12. Now, I think it is necessary for the Commissioner to tell the companies the basis of his demand. How many employees has he found as a fact in the employment of the companies; how much amount does he claim from them on account of each of the employees? What about the contention of the companies as regards casual labour? Did he accept or reject their contention? Furthermore, what is the material with the Commissioner on the basis of which he formed his judgment? Nothing is known, to a word, the basis of the calculation on the material before him must at least be disclosed. This is the basic minimum which a party is entitled to know who is called upon to pay Rs 35,020 in one case and Rs. 6,490 in the other. Since this has not been done, the impugned orders must go. The demands in both the cases must be set aside.
13. The advocates for the Commissioner submit that the impugned orders are not orders under Section 7A and the Commissioner is not obliged to communicate the basis by which he arrived at these amounts. The Commissioner, they say is entitled to keep this information to himself and not disclose it to the party concerned. I do not agree.
14. Section 7A reads:
7A. (1) The Central Provident Fund Commissioner, any Deputy Provident Fund Commissioner or any Regional Provident Fund Commissioner may, by order, determine the amount due from any employer under any provision of this Act, the Scheme or the Family Pension Scheme, as the case may be, and for this purpose may conduct such inquiry as he may deem necessary.
(2) The officer conducting the inquiry under Sub-section (1) shall, for the purposes of such inquiry, have the same powers as are vested in a Court under the Code of civil Procedure, 1908, for trying a suit in respect of the following matters, namely-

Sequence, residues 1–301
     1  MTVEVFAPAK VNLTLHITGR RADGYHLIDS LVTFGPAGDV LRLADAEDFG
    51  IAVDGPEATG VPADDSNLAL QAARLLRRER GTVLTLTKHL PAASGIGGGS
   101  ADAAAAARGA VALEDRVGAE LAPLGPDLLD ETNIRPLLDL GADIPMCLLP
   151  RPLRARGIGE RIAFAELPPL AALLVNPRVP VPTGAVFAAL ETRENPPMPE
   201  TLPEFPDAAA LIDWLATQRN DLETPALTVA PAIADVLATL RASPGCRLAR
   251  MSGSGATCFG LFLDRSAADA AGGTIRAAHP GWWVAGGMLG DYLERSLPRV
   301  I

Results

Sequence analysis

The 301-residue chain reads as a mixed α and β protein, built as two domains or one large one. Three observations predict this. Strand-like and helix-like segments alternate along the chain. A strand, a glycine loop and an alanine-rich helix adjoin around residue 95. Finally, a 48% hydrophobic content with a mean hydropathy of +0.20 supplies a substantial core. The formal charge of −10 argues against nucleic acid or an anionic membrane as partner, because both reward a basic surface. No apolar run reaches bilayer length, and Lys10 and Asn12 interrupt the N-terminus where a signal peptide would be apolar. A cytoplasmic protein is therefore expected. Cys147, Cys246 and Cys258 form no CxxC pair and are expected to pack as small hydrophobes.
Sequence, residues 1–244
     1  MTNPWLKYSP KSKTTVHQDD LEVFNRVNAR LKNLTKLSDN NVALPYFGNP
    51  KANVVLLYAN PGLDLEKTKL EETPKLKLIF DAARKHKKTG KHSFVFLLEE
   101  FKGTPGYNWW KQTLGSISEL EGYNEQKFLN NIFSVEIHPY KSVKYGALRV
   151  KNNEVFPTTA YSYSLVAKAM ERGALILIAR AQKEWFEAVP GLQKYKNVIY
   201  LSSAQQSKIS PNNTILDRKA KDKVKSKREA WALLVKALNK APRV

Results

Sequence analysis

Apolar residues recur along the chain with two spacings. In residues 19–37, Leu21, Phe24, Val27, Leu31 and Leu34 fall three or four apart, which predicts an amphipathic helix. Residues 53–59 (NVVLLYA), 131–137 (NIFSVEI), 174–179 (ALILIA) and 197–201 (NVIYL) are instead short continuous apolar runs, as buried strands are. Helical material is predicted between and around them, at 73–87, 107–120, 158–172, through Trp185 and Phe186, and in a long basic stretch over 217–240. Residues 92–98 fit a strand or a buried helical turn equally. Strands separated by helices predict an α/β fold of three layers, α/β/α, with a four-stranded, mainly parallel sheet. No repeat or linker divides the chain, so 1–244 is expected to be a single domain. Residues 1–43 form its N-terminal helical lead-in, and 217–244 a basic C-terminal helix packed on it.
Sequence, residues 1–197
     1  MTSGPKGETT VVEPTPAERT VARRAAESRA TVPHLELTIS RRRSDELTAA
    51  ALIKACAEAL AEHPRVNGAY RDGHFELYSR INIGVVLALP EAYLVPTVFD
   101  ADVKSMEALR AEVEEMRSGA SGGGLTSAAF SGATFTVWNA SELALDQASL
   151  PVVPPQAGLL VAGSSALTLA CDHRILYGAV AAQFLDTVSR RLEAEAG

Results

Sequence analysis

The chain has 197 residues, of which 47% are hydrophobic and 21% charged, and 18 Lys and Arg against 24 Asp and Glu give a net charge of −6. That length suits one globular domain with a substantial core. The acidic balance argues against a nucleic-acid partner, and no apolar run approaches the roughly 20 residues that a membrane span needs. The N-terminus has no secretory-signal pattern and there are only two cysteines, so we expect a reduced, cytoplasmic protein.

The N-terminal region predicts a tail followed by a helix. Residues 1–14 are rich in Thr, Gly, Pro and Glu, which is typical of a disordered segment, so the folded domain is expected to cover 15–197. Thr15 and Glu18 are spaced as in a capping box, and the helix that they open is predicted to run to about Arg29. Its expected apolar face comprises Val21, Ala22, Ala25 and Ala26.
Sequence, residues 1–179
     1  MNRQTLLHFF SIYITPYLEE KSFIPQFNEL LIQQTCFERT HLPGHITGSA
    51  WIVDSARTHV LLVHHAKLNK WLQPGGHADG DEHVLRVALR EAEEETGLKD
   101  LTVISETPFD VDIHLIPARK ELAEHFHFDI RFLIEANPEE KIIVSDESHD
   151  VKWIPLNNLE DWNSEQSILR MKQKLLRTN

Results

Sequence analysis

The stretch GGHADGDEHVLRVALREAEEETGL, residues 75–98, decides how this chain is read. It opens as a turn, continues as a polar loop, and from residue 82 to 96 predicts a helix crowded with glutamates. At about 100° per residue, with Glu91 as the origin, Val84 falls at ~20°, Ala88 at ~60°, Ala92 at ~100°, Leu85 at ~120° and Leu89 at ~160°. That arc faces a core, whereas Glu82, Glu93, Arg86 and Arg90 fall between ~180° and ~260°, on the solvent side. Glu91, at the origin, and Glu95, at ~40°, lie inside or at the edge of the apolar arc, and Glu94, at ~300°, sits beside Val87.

(a) enforcing the attendance of any person or examining him on oath;
(b) requiring the discovery and production of documents;
(c) receiving evidence on affidavit;
(d) issuing commissions for the examination of witnesses;
and any such inquiry shall be deemed to be a judicial proceeding within the meaning of Sections 193 and 228, and for the purpose of Section 196, of the Indian Penal Code.
(3) No order determining the amount due from any employer shall be made under Sub-section (1), unless the employer is given a reasonable opportunity of representing his case.
(4) An order made under this section shall be final and shall not be questioned in any Court of law.
15. Under this provision the Commissioner has to conduct an inquiry. He can call upon the parties to produce accounts. Sub-rule (3) says that no order shall be made under Sub-section (1) unless the employer has been given a reasonable opportunity of representing his case. A reasonable opportunity the Commissioner must give to the party. Sub-section (4) makes the order of the Commissioner final and beyond question in a Court of law.
16. The advocates for the Commissioner say that the Commissioner is not obliged to disclose the order which he makes under Section 7A. I cannot accept this submission. The least that the Commissioner can do is to inform the party that this is the basis on which he has arrived at his conclusion. It is true that he need not give detailed reasons as a Court of law is wont to do. But, briefly he must indicate how he has arrived at the amounts claimed from a party.